The All-New Batman: The Brave and the Bold #3, 4

After a bland start, I’m happy to see The All-New Batman: The Brave and the Bold comic (and isn’t THAT a mouthful?) take on some of the whimsy and charm that make its cartoon counterpart so much fun to watch.

The All-New Batman: The Brave and the Bold #3

Issue #3, for example, takes the trendy inspiration of Alice in Wonderland to remind us of the Batman villain The Mad Hatter, who’s mind-controlling the original Flash because “he’s one of the few heroes with the good taste to wear a hat.” That kind of logic, internally consistent to the characters but ridiculously silly to the reader, adds to the enjoyment of this comic.

These two issues are written by Sholly Fisch with art by Rick Burchett and Dan Davis, and they have a wonderfully old-fashioned feel about them, from a time when heroes did good deeds and stories were done in one issue and you could recognize the characters you were reading about and superheroes were safe for kids to read about and all those other craft aspects that have sadly gone by the wayside. My, I sound like a fogey, don’t I? Still, for someone who’s been driven away from the main DC universe by its gore and misery, this series was a refreshing reminder that there are still publications from them I want to read. I miss the days when a variety of approaches, aimed at a diversity of readers, was considered a good thing.

The All-New Batman: The Brave and the Bold #4

Anyway, so, in issue #3, Batman and the Flash jump through the Mirror Master’s mirror and wind up Through the Looking Glass. The illustrations there are clearly Tenniel-inspired, but in a way that works with the cleaner superhero character lines, so everything looks as it should and meshes nicely. There are also plenty of text allusions, from “frabjous” to “six impossible things before breakfast” and a highly amusing interchange between the Red Queen and the Dark Knight, whom she thinks is “not a proper knight at all!” since they should be “red or white, not dark!” Plenty of favorite characters make cameos, building up to the fearsome Jabberwock, glorious to see, especially when Batman refuses the vorpal sword because “we don’t kill.” You tell ‘em!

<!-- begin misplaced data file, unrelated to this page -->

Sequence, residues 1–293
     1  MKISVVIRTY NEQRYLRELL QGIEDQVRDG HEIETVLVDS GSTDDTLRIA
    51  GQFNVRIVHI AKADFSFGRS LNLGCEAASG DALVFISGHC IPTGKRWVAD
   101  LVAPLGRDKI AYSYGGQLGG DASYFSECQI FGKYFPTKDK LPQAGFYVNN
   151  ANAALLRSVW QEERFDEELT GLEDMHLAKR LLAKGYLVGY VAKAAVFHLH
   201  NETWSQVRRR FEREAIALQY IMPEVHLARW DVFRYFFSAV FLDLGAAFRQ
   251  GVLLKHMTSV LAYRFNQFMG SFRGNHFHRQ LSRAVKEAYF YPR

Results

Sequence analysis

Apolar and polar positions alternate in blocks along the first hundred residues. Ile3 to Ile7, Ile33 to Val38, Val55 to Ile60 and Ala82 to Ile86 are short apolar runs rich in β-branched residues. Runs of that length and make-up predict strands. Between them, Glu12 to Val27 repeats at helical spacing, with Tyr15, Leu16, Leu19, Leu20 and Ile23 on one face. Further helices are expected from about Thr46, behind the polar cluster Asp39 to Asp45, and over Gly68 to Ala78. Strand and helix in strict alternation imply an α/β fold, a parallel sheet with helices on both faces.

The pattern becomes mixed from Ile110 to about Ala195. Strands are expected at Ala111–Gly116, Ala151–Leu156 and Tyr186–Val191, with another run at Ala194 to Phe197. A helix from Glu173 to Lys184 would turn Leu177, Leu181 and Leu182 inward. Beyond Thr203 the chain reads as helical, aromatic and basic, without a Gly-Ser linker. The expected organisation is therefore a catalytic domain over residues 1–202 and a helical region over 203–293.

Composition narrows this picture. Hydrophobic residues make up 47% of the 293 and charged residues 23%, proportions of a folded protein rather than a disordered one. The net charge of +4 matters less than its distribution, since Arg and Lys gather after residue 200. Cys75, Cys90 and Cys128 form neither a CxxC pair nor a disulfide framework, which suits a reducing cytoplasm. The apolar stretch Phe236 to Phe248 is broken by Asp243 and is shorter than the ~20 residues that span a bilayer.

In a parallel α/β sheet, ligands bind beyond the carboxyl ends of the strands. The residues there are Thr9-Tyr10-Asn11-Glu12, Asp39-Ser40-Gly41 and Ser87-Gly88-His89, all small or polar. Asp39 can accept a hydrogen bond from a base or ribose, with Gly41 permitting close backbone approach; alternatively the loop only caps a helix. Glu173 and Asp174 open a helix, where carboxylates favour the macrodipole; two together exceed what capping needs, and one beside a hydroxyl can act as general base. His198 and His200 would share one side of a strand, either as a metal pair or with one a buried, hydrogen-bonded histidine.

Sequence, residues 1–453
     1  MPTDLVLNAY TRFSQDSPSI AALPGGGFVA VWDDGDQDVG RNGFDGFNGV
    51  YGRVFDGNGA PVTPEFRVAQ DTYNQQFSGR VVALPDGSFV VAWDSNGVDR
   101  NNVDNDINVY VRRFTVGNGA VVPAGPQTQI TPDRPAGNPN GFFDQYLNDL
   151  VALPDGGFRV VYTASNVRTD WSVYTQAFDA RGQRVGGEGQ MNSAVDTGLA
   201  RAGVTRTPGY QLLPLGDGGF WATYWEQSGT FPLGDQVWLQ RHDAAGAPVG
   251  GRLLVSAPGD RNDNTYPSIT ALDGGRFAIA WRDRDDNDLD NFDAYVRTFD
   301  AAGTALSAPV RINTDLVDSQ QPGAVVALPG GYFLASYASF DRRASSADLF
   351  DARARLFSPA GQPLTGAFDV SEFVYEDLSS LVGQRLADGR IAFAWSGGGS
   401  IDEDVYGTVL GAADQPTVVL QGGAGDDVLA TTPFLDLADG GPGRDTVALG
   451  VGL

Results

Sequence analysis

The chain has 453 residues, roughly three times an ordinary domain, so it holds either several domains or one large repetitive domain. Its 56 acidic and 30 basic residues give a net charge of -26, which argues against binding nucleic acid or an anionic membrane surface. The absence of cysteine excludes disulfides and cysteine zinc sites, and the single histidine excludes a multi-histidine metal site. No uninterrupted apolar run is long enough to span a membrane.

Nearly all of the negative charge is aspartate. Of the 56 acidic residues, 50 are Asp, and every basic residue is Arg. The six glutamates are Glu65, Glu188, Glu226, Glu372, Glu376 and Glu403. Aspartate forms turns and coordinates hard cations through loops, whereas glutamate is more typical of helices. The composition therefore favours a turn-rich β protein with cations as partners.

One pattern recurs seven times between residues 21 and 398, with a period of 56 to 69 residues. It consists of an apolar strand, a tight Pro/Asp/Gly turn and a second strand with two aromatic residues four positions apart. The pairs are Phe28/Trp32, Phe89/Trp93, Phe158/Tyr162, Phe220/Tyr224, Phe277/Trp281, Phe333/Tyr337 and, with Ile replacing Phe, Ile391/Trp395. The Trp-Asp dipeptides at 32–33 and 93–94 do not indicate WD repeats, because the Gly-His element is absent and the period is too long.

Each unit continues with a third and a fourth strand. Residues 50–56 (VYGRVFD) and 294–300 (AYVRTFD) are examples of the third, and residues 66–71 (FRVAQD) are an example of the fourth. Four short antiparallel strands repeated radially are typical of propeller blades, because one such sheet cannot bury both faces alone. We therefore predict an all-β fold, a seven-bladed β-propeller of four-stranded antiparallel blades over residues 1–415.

There’s excitement and adventure and jokes and creativity, topped off by Batman wearing a top hat. Over his cowl. Finally, order is restored, and we sadly have to leave this imaginative playground.

That’s ok, because the next issue is just as demented in a very different way. It guest-stars Wonder Woman fighting Giganta and Mouse Man, until she and Batman get zapped by a love ray. (Eros is ticked off that Wonder Woman spends more time brawling than spreading the message of love.) This upsets Talia, who wants him for herself, not “some Amazon in a bathing suit!” The resulting wedding allows for all kinds of dynamite cameos, both friend and foe, guest and attacker, although the one that tickled me most was Sugar and Spike as flowergirl and boy.

Old fans will adore the chance to play “spot that character”, while young readers will be introduced to the wide variety of the DC universe, including Wonder Woman villains I didn’t even know! I can’t wait for the next issue, to see what new guest stars we’ll have fun with next.

5 Responses to “The All-New Batman: The Brave and the Bold #3, 4”

  1. Cole Moore Odell Says:

    In 1968, the original Brave and the Bold #78 featured Wonder Woman in a story where she and Batgirl are reduced to lovesick girls fighting each other for Batman’s affections. That was 43 years ago. Superhero comics are what they are, so much so that complaining about them seems pointless sometimes, and I’m sure that this new issue was nicely done, but it’s still notable that all these years later, a Wonder Woman/Batman team-up would have to be about a love ray and jealous females fighting over Batman.

  2. Johanna Says:

    I prefer, if we’re talking stupid old sexist comics, issue #63, where Supergirl and Wonder Woman give up heroing and go to Paris for new clothes so they can get boyfriends. :)

    I see your point, but I still found it funny, especially given the last-page surprise that tied it all together.

  3. Cole Moore Odell Says:

    Nothing could ever top B&B #100, where Black Canary walks away from the life or death mission she’s on to go get her rain-soaked wig dried. Oh, Bob Haney.

  4. Grant Says:

    Enjoyed the reviews. I bought the first couple issues but I haven’t picked these up yet. They sound like fun reads.

  5. DC Spinner Rack: Batman: Brave and Bold #7, Superman #711, The Spirit #14, Superman/Batman #84, Zatanna #13 » Comics Worth Reading Says:

    […] my favorite to end on. I love the way Fisch tells simple stories with power and heart. They’re not […]




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